Australia takes the fossil option

| June 1, 2019

Australia’s Liberal–National Party (LNP) coalition government seems to have limped its way to re-election despite a string of corruption scandals, ideological infighting that has seen three different leaders since 2015, and almost no policies offered in the election campaign.

Few predicted this election outcome mere months ago when several prominent members of cabinet declared that they would not contest the election and the former foreign minister was better recognised in polls over the new Prime Minister.

So what happened? Most pundits have accused the Australian Labor Party (ALP) opposition of miscalculating by offering ‘a big bold vision’ for Australia, rather than adopting a small target strategy.

Such an approach proved disastrous in the 1993 election for the John Hewson-led LNP opposition, whose 650-page Fightback agenda sank like a stone with the electorate.

But such a take on the 2019 election is misleading, and speaks to the emaciation that afflicts policymaking in Australia. The ALP made much of their agenda in sloganeering, having identified many of the key reform needs facing the country, notably in tax, competition policy, anti-corruption efforts and childcare.

But their policies themselves were arguably shallow. They consisted mostly of tinkering with a tax system long overdue for deep reform. Labor wanted the accolades for showing leadership but lacked both the skill to develop a compelling agenda and narrative and the willingness to take the requisite political risks.

Australia is certainly in need of reform. Were it not for a historically and deliberately high skilled-migrant intake (that many LNP voters want reduced), the nation would already have fallen into recession.

Capital is being misallocated due to distortions that favour unproductive real estate investment and increasingly obsolete fossil fuel industries. Many key sectors including banking, energy, housing, superannuation, aged-care and higher education have lost their social licenses to operate. Rent-seeking is rampant.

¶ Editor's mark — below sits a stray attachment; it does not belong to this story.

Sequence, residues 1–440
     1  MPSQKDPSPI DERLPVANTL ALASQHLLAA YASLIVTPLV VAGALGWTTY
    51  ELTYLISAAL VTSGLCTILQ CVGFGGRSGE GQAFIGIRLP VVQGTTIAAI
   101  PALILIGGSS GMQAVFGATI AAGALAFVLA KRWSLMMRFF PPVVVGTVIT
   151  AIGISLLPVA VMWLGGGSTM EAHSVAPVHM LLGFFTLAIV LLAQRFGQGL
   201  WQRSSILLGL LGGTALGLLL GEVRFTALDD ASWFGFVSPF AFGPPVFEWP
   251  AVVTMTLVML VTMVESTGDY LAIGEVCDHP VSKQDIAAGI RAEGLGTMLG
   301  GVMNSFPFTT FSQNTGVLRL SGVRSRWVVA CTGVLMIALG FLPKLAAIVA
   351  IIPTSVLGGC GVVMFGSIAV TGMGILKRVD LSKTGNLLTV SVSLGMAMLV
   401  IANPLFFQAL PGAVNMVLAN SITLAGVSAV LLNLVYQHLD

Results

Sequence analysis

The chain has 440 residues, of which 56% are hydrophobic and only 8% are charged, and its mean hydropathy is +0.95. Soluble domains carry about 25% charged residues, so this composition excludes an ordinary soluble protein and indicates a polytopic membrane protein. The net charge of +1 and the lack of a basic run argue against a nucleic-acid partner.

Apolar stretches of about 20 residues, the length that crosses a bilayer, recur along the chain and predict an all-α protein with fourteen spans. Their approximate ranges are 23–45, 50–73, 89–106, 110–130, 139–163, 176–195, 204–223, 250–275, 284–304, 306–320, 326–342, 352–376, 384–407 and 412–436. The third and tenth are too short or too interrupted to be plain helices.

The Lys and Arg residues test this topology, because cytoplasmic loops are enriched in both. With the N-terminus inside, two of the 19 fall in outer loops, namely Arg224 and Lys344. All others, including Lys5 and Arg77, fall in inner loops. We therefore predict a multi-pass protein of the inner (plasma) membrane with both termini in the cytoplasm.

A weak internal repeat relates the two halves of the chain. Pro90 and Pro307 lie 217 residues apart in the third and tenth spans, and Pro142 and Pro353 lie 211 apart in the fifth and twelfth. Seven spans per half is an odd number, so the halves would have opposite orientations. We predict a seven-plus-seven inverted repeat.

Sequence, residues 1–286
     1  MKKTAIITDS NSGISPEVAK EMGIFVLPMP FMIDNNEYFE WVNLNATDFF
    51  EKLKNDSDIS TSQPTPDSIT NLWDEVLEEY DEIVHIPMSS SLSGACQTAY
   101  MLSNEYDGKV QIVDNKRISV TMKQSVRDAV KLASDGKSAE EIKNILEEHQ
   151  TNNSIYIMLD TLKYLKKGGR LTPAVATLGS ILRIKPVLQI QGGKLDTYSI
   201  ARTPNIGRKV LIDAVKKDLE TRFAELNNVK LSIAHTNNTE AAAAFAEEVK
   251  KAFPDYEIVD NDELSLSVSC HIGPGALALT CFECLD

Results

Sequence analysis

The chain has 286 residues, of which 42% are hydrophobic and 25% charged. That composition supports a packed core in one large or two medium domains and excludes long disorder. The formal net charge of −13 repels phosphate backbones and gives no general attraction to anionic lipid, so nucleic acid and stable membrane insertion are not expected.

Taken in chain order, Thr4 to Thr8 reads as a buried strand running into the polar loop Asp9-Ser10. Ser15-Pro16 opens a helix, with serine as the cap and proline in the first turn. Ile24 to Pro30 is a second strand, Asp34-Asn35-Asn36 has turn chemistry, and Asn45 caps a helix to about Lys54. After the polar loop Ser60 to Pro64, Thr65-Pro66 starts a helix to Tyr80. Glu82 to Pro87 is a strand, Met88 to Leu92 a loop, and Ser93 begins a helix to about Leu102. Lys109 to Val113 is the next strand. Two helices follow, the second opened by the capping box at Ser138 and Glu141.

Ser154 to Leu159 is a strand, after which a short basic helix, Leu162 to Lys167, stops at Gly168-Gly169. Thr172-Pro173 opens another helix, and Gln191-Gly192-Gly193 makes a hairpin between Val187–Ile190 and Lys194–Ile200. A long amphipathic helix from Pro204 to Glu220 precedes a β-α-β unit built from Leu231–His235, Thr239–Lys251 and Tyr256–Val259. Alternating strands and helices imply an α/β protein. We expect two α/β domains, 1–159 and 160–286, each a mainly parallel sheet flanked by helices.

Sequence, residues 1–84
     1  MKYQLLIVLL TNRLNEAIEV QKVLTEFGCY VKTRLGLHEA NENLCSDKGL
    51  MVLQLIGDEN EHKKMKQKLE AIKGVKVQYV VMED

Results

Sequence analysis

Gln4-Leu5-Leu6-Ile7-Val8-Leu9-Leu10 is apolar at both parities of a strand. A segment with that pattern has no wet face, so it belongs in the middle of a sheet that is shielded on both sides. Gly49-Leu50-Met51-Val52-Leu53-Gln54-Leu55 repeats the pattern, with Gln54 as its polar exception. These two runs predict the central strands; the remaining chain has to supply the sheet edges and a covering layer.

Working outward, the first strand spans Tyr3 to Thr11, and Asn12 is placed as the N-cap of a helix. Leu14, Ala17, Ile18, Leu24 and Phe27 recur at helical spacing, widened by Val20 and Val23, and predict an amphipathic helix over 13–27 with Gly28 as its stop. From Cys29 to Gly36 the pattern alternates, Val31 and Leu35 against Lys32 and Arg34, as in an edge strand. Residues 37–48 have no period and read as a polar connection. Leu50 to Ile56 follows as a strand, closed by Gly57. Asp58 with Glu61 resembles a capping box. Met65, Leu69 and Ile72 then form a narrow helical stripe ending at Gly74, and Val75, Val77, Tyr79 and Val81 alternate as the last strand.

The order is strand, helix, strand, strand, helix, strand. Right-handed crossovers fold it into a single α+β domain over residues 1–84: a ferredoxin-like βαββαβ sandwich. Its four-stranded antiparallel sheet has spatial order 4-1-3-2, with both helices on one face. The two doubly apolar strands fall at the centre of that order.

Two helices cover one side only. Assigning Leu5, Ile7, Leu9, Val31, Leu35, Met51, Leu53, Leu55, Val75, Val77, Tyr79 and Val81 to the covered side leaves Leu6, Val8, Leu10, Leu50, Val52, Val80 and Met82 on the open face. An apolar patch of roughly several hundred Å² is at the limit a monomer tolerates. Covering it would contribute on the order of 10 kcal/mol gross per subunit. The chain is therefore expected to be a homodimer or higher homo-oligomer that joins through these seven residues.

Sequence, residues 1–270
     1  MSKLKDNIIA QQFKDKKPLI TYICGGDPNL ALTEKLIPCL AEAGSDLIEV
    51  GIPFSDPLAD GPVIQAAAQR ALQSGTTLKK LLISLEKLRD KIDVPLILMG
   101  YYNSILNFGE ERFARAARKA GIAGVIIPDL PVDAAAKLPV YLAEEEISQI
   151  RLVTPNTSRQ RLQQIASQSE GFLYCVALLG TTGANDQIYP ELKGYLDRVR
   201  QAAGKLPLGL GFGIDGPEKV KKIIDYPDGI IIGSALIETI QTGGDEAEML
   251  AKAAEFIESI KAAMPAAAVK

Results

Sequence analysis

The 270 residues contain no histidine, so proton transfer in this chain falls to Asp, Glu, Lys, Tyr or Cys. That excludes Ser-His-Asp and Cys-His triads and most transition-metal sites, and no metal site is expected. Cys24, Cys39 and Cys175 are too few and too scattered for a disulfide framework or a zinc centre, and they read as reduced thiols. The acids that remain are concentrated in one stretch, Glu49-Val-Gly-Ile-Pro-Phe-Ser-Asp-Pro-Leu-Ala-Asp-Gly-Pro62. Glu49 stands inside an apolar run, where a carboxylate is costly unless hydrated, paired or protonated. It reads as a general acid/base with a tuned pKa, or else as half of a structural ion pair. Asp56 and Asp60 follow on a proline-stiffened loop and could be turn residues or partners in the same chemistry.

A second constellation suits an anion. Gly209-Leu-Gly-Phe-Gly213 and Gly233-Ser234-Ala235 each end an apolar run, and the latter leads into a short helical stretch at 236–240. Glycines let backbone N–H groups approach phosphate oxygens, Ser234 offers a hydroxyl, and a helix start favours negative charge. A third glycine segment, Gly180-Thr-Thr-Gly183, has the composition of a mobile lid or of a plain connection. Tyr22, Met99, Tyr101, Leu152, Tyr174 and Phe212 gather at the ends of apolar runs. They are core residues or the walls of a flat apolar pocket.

Yet the Liberal–National government has successfully navigated its way to re-election precisely by appealing to vested interests. Their campaign was dominated by classic scare-mongering: threats that the ALP would tax housing, tax retirement and tax death. These tactics cut through because the largest rent-seeking group in Australia is the property-owning class of retirees.

Australia does not face the pension crisis of many other OECD nations in part because of policies designed to encourage home-ownership and personal saving for retirement.

Many retirees own at least one property outright as a result. And even working class retirees have grown wealthy on the back of deliberately constricted housing supply over the past two decades, with house values going up by an order of magnitude.

The pension system is designed around the idea that citizens will draw down the equity in their houses in retirement. But this is not how average retirees think about their finances — they want to live off their savings and government transfers and bequeath their real estate assets in death.